It used to be said that the most dangerous ride in a child’s life is the ride home from the hospital.
In the 1990s there was a campaign to make sure every newborn rode home from the hospital in a car seat.
The campaign focused on child car seats as an alternative much safer than carrying a newborn home in the mother’s arms or lying on the back seat, both common practices because newborns are too small for seat belts to be effective.
The Need for a Child Car Seat Alternative
The campaign was effective in increasing the use of car seats, but children outgrow the protective enclosure of a car seat after about 4 years. After that children need to use the seat belts to secure themselves, rather than the car seat. But seat belts are designed for people over 57 inches (4’9”) tall, and most children don’t reach that height till around age 12.
Booster Seats and Safety Features on Newer Cars
One danger of wearing a seat belt too big for you is submarining, which occurs when a passenger slides under a loosely fitting seat belt, instead of being restrained by it, often being stopped by the abdomen or armpits, and often suffering serious internal injuries.
Another cause of submarining is a too-soft seat, sometimes found in older cars, or sitting on a pillow, or any other soft cushion or soft booster. In addition, if the shoulder belt is too low on the shoulder, a torso can twist during a crash and slide out from under the shoulder belt’s protection; if the shoulder belt is too high it is very dangerous for the passenger’s neck.
A common solution to achieve better seat belt positioning is to boost a child’s shoulders closer to the point where the seat belt will fit snugly over the shoulder and go diagonally across the torso, with the lap belt fitting across the upper thighs or hips. Booster seats do this quite well, but don’t always work well with safety features on newer cars.
Automobile manufacturers and engineers spend millions of dollars every year developing newer, more advanced safety features in cars. It is to our huge benefit to taking advantage of them whenever possible, but some booster seats can interfere with the following safety features:
- Pretensioner: A device that discharges when the car senses a crash, taking up slack in your seat belt to pull you back in the seat, allowing the seat belt mechanism to act much faster, thus restraining unnecessary forward movement and lessening crash forces (called G-force).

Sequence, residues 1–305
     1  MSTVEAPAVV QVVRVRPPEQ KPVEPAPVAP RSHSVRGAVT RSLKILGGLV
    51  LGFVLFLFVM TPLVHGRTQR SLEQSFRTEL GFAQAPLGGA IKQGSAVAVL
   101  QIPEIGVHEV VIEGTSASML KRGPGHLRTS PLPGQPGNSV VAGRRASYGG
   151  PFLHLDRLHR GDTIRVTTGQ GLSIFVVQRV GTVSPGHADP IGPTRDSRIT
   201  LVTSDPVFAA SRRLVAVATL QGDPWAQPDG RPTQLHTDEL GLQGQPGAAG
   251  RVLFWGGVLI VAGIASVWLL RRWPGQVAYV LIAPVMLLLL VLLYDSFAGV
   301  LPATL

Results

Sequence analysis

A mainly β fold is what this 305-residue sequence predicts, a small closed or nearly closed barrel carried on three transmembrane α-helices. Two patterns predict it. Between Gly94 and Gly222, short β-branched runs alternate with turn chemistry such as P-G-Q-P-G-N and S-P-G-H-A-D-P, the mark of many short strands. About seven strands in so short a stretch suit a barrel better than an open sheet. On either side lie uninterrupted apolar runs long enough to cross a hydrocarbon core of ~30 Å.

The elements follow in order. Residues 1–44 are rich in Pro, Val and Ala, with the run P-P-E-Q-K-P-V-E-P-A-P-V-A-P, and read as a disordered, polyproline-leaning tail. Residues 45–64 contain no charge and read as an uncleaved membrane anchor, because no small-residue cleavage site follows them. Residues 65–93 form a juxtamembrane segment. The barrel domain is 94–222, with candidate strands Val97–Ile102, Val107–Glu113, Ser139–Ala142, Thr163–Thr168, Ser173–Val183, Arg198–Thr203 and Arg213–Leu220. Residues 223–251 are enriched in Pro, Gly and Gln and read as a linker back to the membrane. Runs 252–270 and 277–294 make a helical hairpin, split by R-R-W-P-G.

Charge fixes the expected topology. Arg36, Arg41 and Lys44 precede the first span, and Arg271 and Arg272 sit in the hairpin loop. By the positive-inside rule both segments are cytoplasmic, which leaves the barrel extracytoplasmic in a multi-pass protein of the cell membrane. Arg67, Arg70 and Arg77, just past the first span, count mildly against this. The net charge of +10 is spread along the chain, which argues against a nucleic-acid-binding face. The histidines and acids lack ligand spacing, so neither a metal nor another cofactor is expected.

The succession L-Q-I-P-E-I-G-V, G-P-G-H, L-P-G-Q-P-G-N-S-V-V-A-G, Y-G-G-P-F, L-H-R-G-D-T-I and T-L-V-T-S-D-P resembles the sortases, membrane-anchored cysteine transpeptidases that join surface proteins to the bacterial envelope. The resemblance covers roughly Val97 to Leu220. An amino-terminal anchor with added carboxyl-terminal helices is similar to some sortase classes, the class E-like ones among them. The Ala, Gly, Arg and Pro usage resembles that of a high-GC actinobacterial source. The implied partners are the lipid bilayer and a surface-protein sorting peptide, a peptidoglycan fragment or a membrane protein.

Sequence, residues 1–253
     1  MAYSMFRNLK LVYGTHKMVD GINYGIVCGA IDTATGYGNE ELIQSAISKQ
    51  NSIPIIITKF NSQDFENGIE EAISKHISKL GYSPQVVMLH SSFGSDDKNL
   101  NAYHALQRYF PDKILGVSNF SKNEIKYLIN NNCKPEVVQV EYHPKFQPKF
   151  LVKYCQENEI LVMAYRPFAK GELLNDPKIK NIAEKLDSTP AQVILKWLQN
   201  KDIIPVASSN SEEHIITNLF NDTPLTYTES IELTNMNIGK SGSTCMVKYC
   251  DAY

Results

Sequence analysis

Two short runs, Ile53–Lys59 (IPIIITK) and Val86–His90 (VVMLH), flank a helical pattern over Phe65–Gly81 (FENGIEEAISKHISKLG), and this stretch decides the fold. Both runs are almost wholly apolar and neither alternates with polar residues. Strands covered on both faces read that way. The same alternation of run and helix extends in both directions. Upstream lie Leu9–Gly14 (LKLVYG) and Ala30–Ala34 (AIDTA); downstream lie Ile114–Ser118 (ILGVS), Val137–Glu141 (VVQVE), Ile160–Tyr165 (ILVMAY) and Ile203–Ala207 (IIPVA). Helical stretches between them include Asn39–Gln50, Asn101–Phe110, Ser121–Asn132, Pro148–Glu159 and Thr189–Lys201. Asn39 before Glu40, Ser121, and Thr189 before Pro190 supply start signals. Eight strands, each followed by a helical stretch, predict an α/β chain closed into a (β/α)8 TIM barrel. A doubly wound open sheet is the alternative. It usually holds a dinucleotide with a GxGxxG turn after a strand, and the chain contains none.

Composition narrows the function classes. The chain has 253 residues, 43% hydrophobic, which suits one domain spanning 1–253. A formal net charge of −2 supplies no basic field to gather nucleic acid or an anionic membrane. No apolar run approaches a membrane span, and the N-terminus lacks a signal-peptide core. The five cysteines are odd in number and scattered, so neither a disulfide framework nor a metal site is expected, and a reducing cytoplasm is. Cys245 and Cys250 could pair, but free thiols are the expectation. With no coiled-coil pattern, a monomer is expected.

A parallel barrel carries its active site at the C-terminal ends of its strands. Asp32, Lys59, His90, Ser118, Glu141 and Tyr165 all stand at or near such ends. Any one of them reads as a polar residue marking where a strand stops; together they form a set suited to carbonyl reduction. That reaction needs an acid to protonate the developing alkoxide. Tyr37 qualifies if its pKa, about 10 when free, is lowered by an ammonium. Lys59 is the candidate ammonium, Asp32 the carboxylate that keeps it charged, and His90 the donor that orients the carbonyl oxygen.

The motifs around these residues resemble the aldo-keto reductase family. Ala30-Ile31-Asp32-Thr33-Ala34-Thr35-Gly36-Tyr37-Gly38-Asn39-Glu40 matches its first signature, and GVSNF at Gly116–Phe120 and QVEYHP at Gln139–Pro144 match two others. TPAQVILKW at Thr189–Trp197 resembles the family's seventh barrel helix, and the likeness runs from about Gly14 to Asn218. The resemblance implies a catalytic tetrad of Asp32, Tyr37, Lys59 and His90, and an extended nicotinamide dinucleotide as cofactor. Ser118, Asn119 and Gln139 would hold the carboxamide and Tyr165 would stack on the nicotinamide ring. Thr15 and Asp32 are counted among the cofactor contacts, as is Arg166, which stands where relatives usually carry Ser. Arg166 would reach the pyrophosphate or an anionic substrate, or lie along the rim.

A booster seat can drastically limit the effectiveness of the pretensioner because the booster seat may position the lap belt too low on the thighs, and therefore too far from the hips. Only the hips will stop the lower body from moving forward during a crash. If the belt is not on the hips, the child will have to move forward before the seat belt starts working. The pretensioner is meant to get rid of the slack, but to be effective the lap belt needs to be positioned over the hips (preferably with entire belt surface) and not on the thighs. Otherwise, the child will move during a crash to the point where hips hit the belt. In a crash inches matter, and the bulk of a highback booster seat puts the child that much closer to the front seat. So does the height. Usually, the higher a child sits in a booster seat the closer the child is to the front seat.
- Load Limiter: A device that gradually releases the seat belt after the pretensioner has deployed. The load limiter is designed to better distribute crash forces. This means keeping the seat belt from damaging your chest by allowing your torso to move forward in a controlled manner. This also helps to avoid possible neck injuries.
- Side curtains: Roof-mounted airbags that inflate above the car doors and drop down like a curtain, designed to protect the head in side-impact crashes.
- Side-impact airbags: These are designed to cushion passengers from the force of a crash to the side of a vehicle, and deploy from the doors, the armrests, or both. When using side-impact airbags with a car seat or booster seat, check the automobile owner’s manual and your car seat manual for any restrictions about where to place the seat.
An Alternative to Booster Seats